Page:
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Irish Exporters Association: 2014 must be the last year of austerity

The association said that if the government succeeds in creating more jobs, more harsh cuts should not be needed.

Image: Mark Stedman/Photocall Ireland

THE IRISH EXPORTERS Association (IEA) has urged Michael Noonan to state in the next budget that 2014 will be the last year of austerity budgets.

IEA acknowledged that a further year of tough budget measures is required to “maximise competitiveness and address government operating costs”.

However it said that a statement from the Finance Minister signalling the end these measures would send a strong message and give confidence to workers and the business world.

The association has met with the Department of Finance to present its pre-budget submission which included a call for the government not to increase the costs of employment for the export industry.

In its submission, the IEA said there are too few Irish companies exporting and so job creation options within the domestic market are “very slim”. None of the €500 million in Budget 2014 to be raised from taxes should come from income tax measures, the association said, but from indirect taxation or other income streams instead.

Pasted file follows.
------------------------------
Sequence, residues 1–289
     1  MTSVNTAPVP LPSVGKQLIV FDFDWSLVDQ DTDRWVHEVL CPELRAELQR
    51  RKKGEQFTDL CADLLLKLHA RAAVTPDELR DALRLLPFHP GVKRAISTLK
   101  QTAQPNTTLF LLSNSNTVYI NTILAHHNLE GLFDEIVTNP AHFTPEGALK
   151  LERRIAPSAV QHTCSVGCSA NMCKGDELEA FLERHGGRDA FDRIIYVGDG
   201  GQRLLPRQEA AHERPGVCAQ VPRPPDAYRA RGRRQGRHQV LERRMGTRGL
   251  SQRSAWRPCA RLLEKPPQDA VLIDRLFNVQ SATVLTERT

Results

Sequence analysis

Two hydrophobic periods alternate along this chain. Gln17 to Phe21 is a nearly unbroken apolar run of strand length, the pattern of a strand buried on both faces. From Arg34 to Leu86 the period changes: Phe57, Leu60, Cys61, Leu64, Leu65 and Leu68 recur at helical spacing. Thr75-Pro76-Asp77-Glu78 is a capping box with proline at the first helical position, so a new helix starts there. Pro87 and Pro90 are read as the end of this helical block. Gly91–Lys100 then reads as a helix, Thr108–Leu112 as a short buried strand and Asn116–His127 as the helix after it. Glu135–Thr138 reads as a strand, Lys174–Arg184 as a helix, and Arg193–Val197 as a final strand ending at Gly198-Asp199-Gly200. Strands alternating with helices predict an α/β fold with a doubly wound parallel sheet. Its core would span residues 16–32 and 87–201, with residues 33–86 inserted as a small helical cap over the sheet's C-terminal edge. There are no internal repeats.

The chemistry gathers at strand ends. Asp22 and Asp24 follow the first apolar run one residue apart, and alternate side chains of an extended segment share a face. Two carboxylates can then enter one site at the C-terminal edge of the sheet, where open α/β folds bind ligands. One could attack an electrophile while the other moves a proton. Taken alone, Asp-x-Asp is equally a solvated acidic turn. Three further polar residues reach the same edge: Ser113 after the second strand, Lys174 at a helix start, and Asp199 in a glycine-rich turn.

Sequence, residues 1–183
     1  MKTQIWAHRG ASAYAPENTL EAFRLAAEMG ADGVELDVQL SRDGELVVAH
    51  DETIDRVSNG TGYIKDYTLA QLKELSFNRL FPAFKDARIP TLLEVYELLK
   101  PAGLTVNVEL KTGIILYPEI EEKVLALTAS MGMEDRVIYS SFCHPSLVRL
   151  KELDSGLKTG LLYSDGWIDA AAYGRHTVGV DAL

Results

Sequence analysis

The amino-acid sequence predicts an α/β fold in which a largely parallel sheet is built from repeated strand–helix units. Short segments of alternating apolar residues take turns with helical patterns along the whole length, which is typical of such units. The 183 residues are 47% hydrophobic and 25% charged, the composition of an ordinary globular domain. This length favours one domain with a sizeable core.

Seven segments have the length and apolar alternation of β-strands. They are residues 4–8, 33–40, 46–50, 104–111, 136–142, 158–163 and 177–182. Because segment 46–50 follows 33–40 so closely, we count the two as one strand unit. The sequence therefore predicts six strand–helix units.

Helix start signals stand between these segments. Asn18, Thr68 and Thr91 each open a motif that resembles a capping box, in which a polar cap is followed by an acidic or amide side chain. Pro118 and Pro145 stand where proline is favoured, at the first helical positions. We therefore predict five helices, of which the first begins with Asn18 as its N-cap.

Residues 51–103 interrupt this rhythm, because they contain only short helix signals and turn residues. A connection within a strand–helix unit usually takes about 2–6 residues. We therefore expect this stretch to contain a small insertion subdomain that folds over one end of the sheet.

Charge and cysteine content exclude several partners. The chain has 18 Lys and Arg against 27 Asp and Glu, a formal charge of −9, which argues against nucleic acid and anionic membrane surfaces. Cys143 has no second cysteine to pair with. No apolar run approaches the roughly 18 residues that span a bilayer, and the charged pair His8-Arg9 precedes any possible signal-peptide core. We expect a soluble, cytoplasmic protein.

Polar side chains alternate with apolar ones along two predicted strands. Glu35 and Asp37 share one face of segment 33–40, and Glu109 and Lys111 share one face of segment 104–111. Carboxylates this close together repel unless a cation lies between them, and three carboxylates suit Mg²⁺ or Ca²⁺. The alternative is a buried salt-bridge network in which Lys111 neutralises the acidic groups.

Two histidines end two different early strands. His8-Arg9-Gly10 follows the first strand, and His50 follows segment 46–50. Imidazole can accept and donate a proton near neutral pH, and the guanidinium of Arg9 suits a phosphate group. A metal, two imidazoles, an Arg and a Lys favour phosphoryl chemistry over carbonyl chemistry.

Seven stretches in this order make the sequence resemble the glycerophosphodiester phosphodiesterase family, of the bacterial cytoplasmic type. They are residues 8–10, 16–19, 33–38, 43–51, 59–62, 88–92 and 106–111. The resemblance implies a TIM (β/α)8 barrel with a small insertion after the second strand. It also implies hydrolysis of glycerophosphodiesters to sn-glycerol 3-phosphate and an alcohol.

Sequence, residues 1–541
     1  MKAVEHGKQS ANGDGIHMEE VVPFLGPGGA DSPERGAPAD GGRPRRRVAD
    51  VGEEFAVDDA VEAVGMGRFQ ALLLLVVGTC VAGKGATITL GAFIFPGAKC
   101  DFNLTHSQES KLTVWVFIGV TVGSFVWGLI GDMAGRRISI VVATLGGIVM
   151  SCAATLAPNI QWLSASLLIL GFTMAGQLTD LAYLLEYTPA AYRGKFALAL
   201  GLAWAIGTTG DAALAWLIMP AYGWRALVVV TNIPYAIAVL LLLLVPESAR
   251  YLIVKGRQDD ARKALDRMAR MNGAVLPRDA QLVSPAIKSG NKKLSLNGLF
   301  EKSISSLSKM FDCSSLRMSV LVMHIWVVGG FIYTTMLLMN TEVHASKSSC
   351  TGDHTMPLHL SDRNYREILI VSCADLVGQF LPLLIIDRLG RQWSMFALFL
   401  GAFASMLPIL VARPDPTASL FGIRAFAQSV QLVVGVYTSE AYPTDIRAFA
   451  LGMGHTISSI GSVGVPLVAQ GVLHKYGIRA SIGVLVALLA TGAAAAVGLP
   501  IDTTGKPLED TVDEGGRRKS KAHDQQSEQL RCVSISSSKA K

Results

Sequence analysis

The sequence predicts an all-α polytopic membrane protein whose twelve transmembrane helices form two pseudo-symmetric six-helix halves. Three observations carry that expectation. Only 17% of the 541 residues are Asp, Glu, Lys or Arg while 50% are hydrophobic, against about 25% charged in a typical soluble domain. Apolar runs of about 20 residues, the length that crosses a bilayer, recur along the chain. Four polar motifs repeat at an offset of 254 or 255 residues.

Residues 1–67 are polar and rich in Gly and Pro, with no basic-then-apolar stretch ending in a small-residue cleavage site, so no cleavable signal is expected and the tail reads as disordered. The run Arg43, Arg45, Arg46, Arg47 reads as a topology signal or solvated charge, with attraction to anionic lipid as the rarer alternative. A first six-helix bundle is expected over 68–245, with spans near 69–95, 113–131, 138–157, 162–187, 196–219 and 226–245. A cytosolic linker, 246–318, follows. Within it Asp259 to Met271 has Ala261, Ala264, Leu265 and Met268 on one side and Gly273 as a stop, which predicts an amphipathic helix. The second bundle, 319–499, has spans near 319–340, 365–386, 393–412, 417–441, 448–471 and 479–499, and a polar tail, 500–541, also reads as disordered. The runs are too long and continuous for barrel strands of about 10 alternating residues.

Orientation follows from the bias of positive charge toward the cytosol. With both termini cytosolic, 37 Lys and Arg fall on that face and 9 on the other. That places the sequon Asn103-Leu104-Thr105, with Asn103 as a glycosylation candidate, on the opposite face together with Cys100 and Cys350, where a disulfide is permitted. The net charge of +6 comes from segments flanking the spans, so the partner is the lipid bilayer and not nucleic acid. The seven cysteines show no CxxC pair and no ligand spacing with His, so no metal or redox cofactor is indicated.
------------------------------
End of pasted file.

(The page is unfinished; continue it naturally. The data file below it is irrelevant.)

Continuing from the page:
Job creation must be top of the agenda, chief executive John Whelan said, as each new job is worth €20,000 to the Exchequer.

“If the IDA and Enterprise Ireland meet their jobs target for 2014, we will have 27,000 additional jobs in the export sector directly and another 27,000 indirectly in the wider economy,” Whelan said.

These additional 54,000 jobs would reduce expenditure by approximately €1 billion, but also bring in income, he said.

“Hence there should be no need for any further contraction in government expenditure, or higher taxes , after 2014 if this job creation activity is delivered on ,” he added.

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